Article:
Some things to consider with late-season soybean aphid insecticide applications

Bruce Potter, (Extension IPM Specialist) and Robert Koch (Extension Entomologist)

Soybean aphids and other insect pests are able to reduce soybean yield until the R6.5 stage (yellow pods begin) stage. You want to pay some attention to soybean insect problems (and identify weed and disease issues) until then. However, this year's aphid scouting efforts should increasingly focus on fields with less mature beans. As the 2016 soybean aphid season begins to wind down, there are several aspects of late-season soybean aphid populations that can influence insecticide decisions.

Reducing risk to pollinators in and near soybean

by Robert Koch (Extension Entomologist)
Insecticides are an important tool in the IPM toolbox for protecting crop yields from pests. However, we need to keep in mind that many of the insecticides we use to manage crop pests are also toxic to beneficial insects, such as predators and pollinators. This article will provide an overview of some considerations for reducing the risk of impacting pollinators (e.g., bees and some flies) when foliar insecticide applications are made to crops.

Two miticides recently received registration for use against twospotted spider mites in soybean

by Robert Koch (Extension Entomologist) and Bruce Potter (IPM Specialist)
Growers now have access to two more miticides for use against twospotted spider mites in soybean. These miticides are Agri-Mek SC (Syngenta) and Zeal SC (Valent). These are welcomed additions to the limited suite of chemicals for management of twospotted spider mites in soybean.  They represent insecticide groups (modes of action) not used for soybean aphid.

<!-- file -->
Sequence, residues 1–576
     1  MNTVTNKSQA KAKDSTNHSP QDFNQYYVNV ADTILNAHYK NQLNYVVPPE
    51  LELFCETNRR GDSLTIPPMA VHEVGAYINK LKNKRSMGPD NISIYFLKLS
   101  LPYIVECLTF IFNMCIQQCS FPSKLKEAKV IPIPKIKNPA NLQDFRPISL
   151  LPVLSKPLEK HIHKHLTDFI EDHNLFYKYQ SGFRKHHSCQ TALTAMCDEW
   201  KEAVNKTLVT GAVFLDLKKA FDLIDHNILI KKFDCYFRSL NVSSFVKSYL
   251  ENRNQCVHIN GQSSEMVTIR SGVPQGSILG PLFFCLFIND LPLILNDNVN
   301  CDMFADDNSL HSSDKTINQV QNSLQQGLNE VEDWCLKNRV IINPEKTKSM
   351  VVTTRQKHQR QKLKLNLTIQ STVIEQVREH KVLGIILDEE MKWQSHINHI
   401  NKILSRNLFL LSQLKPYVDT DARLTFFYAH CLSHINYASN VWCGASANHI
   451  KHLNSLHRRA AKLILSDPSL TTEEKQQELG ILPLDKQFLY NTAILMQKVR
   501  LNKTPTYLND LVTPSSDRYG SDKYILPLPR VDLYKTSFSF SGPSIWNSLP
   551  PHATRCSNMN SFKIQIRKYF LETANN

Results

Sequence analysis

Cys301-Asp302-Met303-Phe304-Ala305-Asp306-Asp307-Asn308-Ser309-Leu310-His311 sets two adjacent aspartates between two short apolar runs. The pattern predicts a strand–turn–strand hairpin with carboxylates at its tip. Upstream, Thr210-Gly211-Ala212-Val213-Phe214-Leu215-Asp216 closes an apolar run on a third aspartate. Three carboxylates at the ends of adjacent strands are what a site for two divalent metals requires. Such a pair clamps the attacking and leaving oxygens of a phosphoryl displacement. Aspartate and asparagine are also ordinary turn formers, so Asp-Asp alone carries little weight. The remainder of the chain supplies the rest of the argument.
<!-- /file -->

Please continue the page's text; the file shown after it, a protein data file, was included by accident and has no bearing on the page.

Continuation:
Assessing and reporting potential cases of soybean aphid resistance to pyrethroids

by Robert Koch (Extension Entomologist) and Bruce Potter (IPM Specialist)

History has shown us many times that over-reliance on pesticides often results in development of pesticide resistance in pests. Last summer in parts of southern Minnesota, some pyrethroid insecticides (bifenthrin [e.g., Brigade, Tundra , Hero and others] and lambda-cyhalothrin [e.g., Warrior and others]) failed to provide adequate control of soybean aphid. Historically, these have been among the top performing pyrethroid insecticides for soybean aphid management. Follow-up laboratory bioassays confirmed resistance  (10- to 44-fold resistance) to these insecticides in a soybean aphid population collected near Lamberton, MN. The majority of these performance issues in 2015 appeared centered in and near Brown, Redwood and Renville counties. In most other areas, pyrethroid insecticides preformed as expected and effectively suppressed aphid populations.  Here, we provide updates on resistance monitoring for 20…

Corn development and yield forecast: Stress now reduces kernel number

by Jeff Coulter, Extension Corn Specialist
Much of the corn in Minnesota has finished pollinating and kernels are in the blister to milk stage. Kernels enter the blister stage at about 12 days after tassel emergence and the milk stage at about 20 days after tassel emergence. Stress to corn during the blister and milk stages from dry and/or hot conditions can diminish grain yield, primarily by reducing the number of kernels per plant.